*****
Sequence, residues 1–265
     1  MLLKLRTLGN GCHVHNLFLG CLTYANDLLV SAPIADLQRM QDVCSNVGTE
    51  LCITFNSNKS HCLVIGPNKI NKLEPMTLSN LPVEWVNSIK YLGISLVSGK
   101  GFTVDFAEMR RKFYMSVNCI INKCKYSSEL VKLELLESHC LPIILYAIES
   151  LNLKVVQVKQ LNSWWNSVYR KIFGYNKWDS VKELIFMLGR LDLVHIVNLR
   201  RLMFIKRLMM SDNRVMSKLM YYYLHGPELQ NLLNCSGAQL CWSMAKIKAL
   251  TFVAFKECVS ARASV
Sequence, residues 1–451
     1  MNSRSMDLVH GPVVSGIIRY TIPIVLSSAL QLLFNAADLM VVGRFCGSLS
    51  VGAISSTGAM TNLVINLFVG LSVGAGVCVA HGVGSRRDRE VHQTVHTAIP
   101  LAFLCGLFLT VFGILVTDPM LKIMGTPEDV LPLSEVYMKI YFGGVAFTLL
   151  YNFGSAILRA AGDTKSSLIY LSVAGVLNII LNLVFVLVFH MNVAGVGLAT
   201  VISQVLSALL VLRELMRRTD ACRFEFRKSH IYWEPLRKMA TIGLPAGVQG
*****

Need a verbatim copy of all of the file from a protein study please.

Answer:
Sequence, residues 1–265
     1  MLLKLRTLGN GCHVHNLFLG CLTYANDLLV SAPIADLQRM QDVCSNVGTE
    51  LCITFNSNKS HCLVIGPNKI NKLEPMTLSN LPVEWVNSIK YLGISLVSGK
   101  GFTVDFAEMR RKFYMSVNCI INKCKYSSEL VKLELLESHC LPIILYAIES
   151  LNLKVVQVKQ LNSWWNSVYR KIFGYNKWDS VKELIFMLGR LDLVHIVNLR
   201  RLMFIKRLMM SDNRVMSKLM YYYLHGPELQ NLLNCSGAQL CWSMAKIKAL
   251  TFVAFKECVS ARASV
Sequence, residues 1–451
     1  MNSRSMDLVH GPVVSGIIRY TIPIVLSSAL QLLFNAADLM VVGRFCGSLS
    51  VGAISSTGAM TNLVINLFVG LSVGAGVCVA HGVGSRRDRE VHQTVHTAIP
   101  LAFLCGLFLT VFGILVTDPM LKIMGTPEDV LPLSEVYMKI YFGGVAFTLL
   151  YNFGSAILRA AGDTKSSLIY LSVAGVLNII LNLVFVLVFH MNVAGVGLAT
   201  VISQVLSALL VLRELMRRTD ACRFEFRKSH IYWEPLRKMA TIGLPAGVQG